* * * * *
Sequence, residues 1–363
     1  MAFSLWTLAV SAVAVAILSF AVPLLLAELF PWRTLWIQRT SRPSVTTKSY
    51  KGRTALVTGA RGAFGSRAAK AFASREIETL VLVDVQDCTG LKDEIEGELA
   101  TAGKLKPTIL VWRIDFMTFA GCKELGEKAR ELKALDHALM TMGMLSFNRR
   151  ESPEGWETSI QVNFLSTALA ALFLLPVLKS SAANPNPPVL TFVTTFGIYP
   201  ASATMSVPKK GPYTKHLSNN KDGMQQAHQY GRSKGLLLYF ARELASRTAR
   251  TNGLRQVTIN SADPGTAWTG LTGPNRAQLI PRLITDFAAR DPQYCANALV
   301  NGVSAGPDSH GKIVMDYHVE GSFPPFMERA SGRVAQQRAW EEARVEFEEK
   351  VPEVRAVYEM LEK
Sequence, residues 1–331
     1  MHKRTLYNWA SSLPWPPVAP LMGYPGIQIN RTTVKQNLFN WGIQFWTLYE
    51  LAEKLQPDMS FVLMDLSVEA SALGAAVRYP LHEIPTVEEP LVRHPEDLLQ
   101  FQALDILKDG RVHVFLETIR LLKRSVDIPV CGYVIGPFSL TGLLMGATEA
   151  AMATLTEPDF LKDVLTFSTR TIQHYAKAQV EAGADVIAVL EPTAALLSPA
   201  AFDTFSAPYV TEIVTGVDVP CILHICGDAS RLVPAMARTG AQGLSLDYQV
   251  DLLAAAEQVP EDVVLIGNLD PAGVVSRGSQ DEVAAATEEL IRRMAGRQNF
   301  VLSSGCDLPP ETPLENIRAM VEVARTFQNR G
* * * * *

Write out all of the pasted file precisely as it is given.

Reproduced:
Sequence, residues 1–363
     1  MAFSLWTLAV SAVAVAILSF AVPLLLAELF PWRTLWIQRT SRPSVTTKSY
    51  KGRTALVTGA RGAFGSRAAK AFASREIETL VLVDVQDCTG LKDEIEGELA
   101  TAGKLKPTIL VWRIDFMTFA GCKELGEKAR ELKALDHALM TMGMLSFNRR
   151  ESPEGWETSI QVNFLSTALA ALFLLPVLKS SAANPNPPVL TFVTTFGIYP
   201  ASATMSVPKK GPYTKHLSNN KDGMQQAHQY GRSKGLLLYF ARELASRTAR
   251  TNGLRQVTIN SADPGTAWTG LTGPNRAQLI PRLITDFAAR DPQYCANALV
   301  NGVSAGPDSH GKIVMDYHVE GSFPPFMERA SGRVAQQRAW EEARVEFEEK
   351  VPEVRAVYEM LEK
Sequence, residues 1–331
     1  MHKRTLYNWA SSLPWPPVAP LMGYPGIQIN RTTVKQNLFN WGIQFWTLYE
    51  LAEKLQPDMS FVLMDLSVEA SALGAAVRYP LHEIPTVEEP LVRHPEDLLQ
   101  FQALDILKDG RVHVFLETIR LLKRSVDIPV CGYVIGPFSL TGLLMGATEA
   151  AMATLTEPDF LKDVLTFSTR TIQHYAKAQV EAGADVIAVL EPTAALLSPA
   201  AFDTFSAPYV TEIVTGVDVP CILHICGDAS RLVPAMARTG AQGLSLDYQV
   251  DLLAAAEQVP EDVVLIGNLD PAGVVSRGSQ DEVAAATEEL IRRMAGRQNF
   301  VLSSGCDLPP ETPLENIRAM VEVARTFQNR G